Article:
The Recyclability of Plastic
Plastic is an incredibly versatile and useful material. However, it is not made from renewable resources and takes an extremely long time to breakdown in the natural environment. That is why it is very important to use recyclable plastic when a plastic lid or container is the best or only option for you. Recyclable plastics have a plastic resin code stamped on them to indicate its recyclability. Here is an overview of the seven plastic types, what they are commonly used for and how easily recyclable they are.
#1 PET or PETE (Polyethylene Terephthalate)
Because it is lightweight, easy to recycle, and inexpensive, this is the most common plastic for single-use containers. It is generally considered safe, but can absorb odors and flavors from foods and liquids stored in them, particularly when exposed to heat. Though the actual amount recycled is relatively low, at about 20%.
Product Examples: Bottled drinks, condiment bottles, peanut butter jars, and cooking oil containers.
Collection: PET/PETE is collected by most curbside recycling programs. Items must be cleaned to be collected and it is better to put container lids in the trash, as they are often made from different plastic.
Conversion: PET/PETE is recycled into: Polar fleece, fiber, tote bags, furniture, carpet, paneling, straps, bottles and food containers (as long as the plastic is not contaminated).
#2 HDPE (High Density Polyethylene)
High Density Polyethylene is used in various ways, particularly for product and food packaging. It is much stronger than PET because of its internal structure and holds up well in both low and high temperatures. It is also easily recyclable and has a low leaching rate.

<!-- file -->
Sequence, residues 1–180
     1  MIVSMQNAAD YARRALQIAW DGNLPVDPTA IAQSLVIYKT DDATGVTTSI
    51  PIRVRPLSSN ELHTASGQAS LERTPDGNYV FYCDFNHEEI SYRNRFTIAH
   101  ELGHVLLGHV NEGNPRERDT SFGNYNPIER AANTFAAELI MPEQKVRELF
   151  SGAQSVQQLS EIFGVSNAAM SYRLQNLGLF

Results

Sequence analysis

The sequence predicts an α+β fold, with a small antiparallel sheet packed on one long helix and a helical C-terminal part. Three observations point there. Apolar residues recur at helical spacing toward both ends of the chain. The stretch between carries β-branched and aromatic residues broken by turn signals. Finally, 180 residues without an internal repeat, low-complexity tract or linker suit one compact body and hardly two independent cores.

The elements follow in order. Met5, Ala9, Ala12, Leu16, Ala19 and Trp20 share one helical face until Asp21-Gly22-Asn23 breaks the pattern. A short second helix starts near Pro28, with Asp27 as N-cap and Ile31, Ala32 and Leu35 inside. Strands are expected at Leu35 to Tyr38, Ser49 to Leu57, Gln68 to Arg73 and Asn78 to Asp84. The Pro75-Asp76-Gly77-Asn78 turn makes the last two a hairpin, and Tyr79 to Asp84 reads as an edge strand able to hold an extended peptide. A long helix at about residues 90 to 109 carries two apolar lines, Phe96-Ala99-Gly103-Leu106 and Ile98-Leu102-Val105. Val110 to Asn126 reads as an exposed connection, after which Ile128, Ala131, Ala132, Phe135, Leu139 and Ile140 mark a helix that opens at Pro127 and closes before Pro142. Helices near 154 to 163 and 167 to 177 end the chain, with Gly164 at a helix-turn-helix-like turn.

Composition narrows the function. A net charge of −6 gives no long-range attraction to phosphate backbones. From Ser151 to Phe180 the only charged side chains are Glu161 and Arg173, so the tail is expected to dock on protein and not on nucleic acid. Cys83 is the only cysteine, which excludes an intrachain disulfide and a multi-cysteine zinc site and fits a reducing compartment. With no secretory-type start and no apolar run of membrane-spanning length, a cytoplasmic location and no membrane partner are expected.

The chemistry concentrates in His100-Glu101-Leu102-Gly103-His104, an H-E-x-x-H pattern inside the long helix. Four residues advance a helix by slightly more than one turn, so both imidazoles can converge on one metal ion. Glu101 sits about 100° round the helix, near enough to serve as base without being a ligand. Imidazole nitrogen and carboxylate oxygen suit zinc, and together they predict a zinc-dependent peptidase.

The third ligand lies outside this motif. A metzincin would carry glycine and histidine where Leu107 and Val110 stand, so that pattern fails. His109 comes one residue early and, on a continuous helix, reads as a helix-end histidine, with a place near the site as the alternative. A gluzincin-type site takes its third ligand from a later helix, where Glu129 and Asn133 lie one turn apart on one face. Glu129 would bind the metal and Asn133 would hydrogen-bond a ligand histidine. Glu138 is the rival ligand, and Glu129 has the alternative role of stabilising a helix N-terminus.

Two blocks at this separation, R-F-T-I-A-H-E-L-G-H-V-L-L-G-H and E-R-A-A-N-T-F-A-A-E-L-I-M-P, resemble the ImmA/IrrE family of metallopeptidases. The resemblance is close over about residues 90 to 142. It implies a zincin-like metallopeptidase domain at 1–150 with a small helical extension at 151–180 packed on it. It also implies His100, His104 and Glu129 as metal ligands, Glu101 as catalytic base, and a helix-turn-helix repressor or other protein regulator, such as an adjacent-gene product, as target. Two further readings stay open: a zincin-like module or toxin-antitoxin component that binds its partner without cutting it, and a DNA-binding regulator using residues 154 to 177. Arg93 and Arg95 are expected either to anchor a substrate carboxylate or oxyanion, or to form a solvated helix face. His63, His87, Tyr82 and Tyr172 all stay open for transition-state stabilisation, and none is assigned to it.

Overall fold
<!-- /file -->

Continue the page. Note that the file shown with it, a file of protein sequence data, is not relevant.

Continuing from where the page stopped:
Product Examples: Milk jugs, juice bottles, cereal box liners, household cleaner bottles, shampoo bottles, some trash and shopping bags; motor oil containers and butter and yogurt tubs.
Collection: HDPE is also collected by most curbside recycling programs. Similar to PETE, items must be cleaned and it is better to put container lids in the trash. Thin plastics, like grocery bags and plastic wrap, can’t be recycled, but many grocery stores will collect and recycle them.
Conversion: HDPE is recycled into: Laundry detergent bottles, oil bottles, pens, recycling containers, floor tile, drainage pipe, lumber, benches, doghouses, toys, picnic tables, fencing, shampoo bottles.
#3 PVC or V (Polyvinyl chloride/Vinyl)
Polyvinyl chloride is strong and weather resistant, so it’s found in things like piping and siding. PVC is also inexpensive, so it’s often used in products and packaging. Because PVC contains chlorine, it can result in the release of highly dangerous dioxins during manufacturing, so it requires extra precaution in production.
Product Examples: Shampoo and cooking oil bottles, blister packaging, siding, windows, piping, credit cards
Collection: PVC and V can rarely be recycled, but it’s accepted by some plastic lumber makers. If you need to dispose of either material, ask your local waste management to see if you should put it in the trash or drop it off at a collection center.
Conversion: PVC or V is recycled into: Decks, paneling, mud-flaps, roadway gutters, flooring, cables, speed bumps, mats.